Expat Forum For People Moving Overseas And Living Abroad banner

1 - 8 of 8 Posts

·
Registered
Joined
·
4,432 Posts
Discussion Starter · #1 ·
Today, 25 November, is the International Day for the Elimination of Violence Against Women. At our son's school, all the children had to wear a white top. It was a nice touch, I thought.
 

·
Registered
Joined
·
567 Posts
Today, 25 November, is the International Day for the Elimination of Violence Against Women. At our son's school, all the children had to wear a white top. It was a nice touch, I thought.
Thanks for posting this. We had, in Cadiz, several protest marches against 'Violencia en general', along with a theatre performance by a group of women from Arcos de la Frontera. All of that was followed by an incredible concert performed by the phenomenal Merche Corisco (one of the best female Jazz/Rock singers I've heard, whilst in Spain) and Celu - the local 'Bluesman'..! They sang and played songs whose themes were pertinent to the 'Anti-Violence' agenda - so, in all, an unforgettable day, in which the artistes concerned all gave their time and talents free of charge..!

Saludos,
GC.
 
  • Like
Reactions: Alcalaina

·
Registered
Joined
·
15,738 Posts
Thanks for posting this. We had, in Cadiz, several protest marches against 'Violencia en general', along with a theatre performance by a group of women from Arcos de la Frontera. All of that was followed by an incredible concert performed by the phenomenal Merche Corisco (one of the best female Jazz/Rock singers I've heard, whilst in Spain) and Celu - the local 'Bluesman'..! They sang and played songs whose themes were pertinent to the 'Anti-Violence' agenda - so, in all, an unforgettable day, in which the artistes concerned all gave their time and talents free of charge..!

Saludos,
GC.
Saw some of it on TV. Wish I could have been there!

Spain's first equality minister, Bibiana Aido, is from our village. She was in Zappy's government and set up a lot of the public education programmes and anti-violence measures, like the toll-free help line which doesn't show up on your phone bill. Sadly her name was not mentioned when the PP health minister Ana Mato was giving her speech Monday night about how far Spain has progressed in the fight against machismo.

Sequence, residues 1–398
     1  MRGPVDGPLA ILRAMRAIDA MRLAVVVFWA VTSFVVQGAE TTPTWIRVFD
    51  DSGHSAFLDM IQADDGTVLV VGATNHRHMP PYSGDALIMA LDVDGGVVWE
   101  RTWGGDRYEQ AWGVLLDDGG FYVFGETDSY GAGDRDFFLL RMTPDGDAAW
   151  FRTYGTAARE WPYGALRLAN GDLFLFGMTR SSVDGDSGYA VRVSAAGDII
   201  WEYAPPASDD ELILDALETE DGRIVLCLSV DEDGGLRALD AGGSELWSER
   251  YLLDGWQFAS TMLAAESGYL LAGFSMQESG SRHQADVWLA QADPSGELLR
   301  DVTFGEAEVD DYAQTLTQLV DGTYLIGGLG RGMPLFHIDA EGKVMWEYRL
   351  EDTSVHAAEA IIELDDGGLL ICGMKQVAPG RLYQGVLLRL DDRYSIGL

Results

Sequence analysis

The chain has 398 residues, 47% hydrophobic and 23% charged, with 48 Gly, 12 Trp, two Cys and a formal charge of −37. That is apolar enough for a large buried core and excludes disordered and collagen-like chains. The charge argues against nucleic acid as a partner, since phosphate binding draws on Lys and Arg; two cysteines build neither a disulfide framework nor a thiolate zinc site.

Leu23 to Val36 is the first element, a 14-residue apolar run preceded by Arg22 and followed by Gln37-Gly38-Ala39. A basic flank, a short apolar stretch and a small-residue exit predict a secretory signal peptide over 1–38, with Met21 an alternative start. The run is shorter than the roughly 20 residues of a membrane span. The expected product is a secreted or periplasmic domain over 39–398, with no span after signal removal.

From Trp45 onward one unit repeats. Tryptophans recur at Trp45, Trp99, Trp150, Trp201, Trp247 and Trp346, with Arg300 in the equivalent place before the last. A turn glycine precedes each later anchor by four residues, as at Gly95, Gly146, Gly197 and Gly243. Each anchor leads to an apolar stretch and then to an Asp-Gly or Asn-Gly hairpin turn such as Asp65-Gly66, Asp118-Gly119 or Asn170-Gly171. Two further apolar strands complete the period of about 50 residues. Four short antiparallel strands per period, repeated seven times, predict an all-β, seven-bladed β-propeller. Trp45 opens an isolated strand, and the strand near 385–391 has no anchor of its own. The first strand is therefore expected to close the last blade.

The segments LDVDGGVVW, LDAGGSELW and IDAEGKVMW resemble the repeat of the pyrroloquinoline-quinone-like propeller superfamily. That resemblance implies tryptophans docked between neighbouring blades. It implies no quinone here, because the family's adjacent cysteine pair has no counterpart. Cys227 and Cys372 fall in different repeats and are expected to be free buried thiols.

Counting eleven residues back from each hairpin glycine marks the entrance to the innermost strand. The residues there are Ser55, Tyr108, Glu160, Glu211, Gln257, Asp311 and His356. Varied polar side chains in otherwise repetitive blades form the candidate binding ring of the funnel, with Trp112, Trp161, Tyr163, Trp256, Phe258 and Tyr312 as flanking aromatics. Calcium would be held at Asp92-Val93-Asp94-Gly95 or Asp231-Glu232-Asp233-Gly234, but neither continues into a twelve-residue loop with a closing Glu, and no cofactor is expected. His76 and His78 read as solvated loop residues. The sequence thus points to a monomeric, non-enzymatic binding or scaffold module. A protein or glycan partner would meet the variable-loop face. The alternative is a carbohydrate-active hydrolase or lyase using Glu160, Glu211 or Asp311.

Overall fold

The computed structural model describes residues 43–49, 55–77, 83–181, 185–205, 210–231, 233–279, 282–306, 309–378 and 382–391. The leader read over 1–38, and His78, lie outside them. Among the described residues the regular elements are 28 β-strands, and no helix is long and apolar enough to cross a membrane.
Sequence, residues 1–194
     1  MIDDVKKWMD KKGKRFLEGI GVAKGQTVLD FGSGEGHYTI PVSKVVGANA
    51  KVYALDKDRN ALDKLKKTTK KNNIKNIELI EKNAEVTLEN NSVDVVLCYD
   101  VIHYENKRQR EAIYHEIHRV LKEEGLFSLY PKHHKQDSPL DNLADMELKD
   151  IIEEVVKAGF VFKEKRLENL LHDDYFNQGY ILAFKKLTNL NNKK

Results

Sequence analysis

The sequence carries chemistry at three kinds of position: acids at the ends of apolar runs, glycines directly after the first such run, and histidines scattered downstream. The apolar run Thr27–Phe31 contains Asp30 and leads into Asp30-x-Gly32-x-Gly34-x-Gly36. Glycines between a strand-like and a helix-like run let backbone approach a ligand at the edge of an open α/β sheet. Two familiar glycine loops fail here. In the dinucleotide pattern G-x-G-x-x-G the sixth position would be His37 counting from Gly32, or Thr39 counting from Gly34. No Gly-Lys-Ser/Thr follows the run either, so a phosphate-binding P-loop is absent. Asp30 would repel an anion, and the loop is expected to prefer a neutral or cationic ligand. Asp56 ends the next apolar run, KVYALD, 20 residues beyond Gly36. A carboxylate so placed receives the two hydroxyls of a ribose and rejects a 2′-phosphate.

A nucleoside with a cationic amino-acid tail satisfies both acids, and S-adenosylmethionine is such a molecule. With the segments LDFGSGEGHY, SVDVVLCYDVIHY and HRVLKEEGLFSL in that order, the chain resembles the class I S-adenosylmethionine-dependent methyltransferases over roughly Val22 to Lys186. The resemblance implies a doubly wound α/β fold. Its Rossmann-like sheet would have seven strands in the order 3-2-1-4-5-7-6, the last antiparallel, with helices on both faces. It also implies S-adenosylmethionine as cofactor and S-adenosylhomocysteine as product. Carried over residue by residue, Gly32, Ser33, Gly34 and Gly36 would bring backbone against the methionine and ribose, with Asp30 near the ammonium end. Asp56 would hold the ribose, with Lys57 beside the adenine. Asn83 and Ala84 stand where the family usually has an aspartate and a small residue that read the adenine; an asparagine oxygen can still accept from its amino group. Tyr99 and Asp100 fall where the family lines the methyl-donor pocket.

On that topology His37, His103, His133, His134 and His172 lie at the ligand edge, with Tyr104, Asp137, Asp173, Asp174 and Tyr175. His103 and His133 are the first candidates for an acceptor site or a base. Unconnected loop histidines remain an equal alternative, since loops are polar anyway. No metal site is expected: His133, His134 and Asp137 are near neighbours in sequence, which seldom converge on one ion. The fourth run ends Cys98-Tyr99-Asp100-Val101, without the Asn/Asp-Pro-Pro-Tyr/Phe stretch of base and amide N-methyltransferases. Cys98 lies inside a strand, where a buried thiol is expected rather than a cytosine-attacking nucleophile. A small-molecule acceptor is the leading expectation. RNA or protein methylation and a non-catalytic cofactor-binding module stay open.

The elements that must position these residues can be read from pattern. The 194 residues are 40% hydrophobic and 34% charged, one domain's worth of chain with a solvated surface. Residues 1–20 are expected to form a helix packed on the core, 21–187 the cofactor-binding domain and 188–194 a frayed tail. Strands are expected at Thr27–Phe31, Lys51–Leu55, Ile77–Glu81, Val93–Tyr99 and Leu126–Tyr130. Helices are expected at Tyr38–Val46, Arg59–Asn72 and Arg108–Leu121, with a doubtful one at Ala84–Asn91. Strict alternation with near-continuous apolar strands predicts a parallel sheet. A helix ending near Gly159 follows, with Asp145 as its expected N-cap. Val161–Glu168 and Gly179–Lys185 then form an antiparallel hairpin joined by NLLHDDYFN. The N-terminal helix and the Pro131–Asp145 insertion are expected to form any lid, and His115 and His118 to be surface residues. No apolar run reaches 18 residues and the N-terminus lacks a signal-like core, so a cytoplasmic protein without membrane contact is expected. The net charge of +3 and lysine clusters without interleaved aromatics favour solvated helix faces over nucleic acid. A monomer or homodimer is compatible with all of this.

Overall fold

·
Registered
Joined
·
567 Posts
Saw some of it on TV. Wish I could have been there!

Spain's first equality minister, Bibiana Aido, is from our village. She was in Zappy's government and set up a lot of the public education programmes and anti-violence measures, like the toll-free help line which doesn't show up on your phone bill. Sadly her name was not mentioned when the PP health minister Ana Mato was giving her speech Monday night about how far Spain has progressed in the fight against machismo.
HI - so, no surprise there, then..! I was involved in a discussion with Spanish friends, both male and female, last night. They were united in their opinion that Spain remains a deeply chauvinistic society; sadly, they also asserted that, in their shared opinion, the younger generation is as culpable as its elders!

We'd noted a recent newspaper report which claimed that one in every three young women had been subjected to physical violence on the part of their 'novios' (boyfriends) at least on one occasion. I can't remember whether the survey results referred only to Cadiz province or to Andalucia, as a whole. Either way, it's shocking!

My own opinion of young Spanish fathers, as observed on the streets and in the cafes and bars of this city, is that they seem, in general, to be incredibly caring, demonstrative and patient with their children and babies! Certainly, as the level of unemployment has shot up, so has the number of papas to be seen pushing baby buggies (although these latter are very likely to be used to wheel strapping, stroppy, struggling, screaming toddlers around the shops...!).

Saludos,
GC
 

·
Registered
Joined
·
17,566 Posts
HI - so, no surprise there, then..! I was involved in a discussion with Spanish friends, both male and female, last night. They were united in their opinion that Spain remains a deeply chauvinistic society; sadly, they also asserted that, in their shared opinion, the younger generation is as culpable as its elders!

We'd noted a recent newspaper report which claimed that one in every three young women had been subjected to physical violence on the part of their 'novios' (boyfriends) at least on one occasion. I can't remember whether the survey results referred only to Cadiz province or to Andalucia, as a whole. Either way, it's shocking!